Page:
By holding the VCU clock so as to be phase aligned with the chrominance reference signal 100, the chrominance data is demultiplexed in the proper fashion as originally stored in the frame buffer regardless of when that data is read from the frame buffer and regardless of what frequency the data is being read (i.e., the graphics pixel clock frequency).
Windows in most video/graphics systems represent regions where video information is to be displayed on an associated display monitor. Most prior art systems generate windows by means of a bit map plane. In such prior art systems, to create a window, contiguous bits within an area that represents the window are set "ON" so as to allow display of the underlying video information. These "ON" bits thereby define the shape and size of the window. This technique for generating windows has the disadvantage of requiring all bits in the overlay plane to be set each time the window is generated. Such an operation is time consuming and requires a relatively large amount of memory since each pixel of the display monitor must have a bit assigned to it in the overlay plane.
The present invention generates windows in a different manner. Instead of using a bitmap overlay plane to define each window shape and location, a data structure is used to define the start and stop locations for the window on a row by row basis. FIG. 9 depicts a portion of display monitor 30 showing an overall window 140 comprising four window row elements. Only the pixel start and stop locations for each row element are specified to define the overall window.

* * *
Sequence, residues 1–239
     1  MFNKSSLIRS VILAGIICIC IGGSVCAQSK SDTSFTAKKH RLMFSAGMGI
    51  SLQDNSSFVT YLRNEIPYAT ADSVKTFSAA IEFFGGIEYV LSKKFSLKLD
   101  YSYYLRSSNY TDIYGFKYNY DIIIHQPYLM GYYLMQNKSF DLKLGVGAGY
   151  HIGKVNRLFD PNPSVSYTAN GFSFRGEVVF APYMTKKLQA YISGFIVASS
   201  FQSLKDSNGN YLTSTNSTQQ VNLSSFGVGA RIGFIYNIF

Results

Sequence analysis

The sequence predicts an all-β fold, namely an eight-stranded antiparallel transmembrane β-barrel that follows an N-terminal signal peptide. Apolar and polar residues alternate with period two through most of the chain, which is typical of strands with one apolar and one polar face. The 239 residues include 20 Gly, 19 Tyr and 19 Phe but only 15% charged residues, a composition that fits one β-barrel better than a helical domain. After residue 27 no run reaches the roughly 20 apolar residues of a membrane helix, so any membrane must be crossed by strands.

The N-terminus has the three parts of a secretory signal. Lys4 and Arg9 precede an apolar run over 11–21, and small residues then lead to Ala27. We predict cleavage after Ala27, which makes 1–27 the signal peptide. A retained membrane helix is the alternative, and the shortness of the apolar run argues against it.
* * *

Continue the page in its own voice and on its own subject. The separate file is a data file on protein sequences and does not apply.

Thus the window start and stop parameters are used to effectively define the columns (i.e., the pixels) where each window row element is to start and stop. In effect any window is simply a list of start and stop locations. Since the video display typically comprises 470 rows and 768 pixels per row, and since the memory map comprises 1,024 pixel locations by 512 rows (compare FIGS. 3 and 9), there are in effect, 1,024 possible window starting and stopping positions for each row of pixels (some of which are outside of the video display area). However, the present implementation of the window system uses eight bits to define the window start location and eight bits to define the window stop location. Eight bits have 256 permutations (28 =256) and consequently the resolution of the window start and stop location is four pixels (1024/256=4). Of course, if greater resolution is desired, more bits can be used to define the start and stop locations. If more than one window element is desired per row, additional start and stop locations can be defined per row.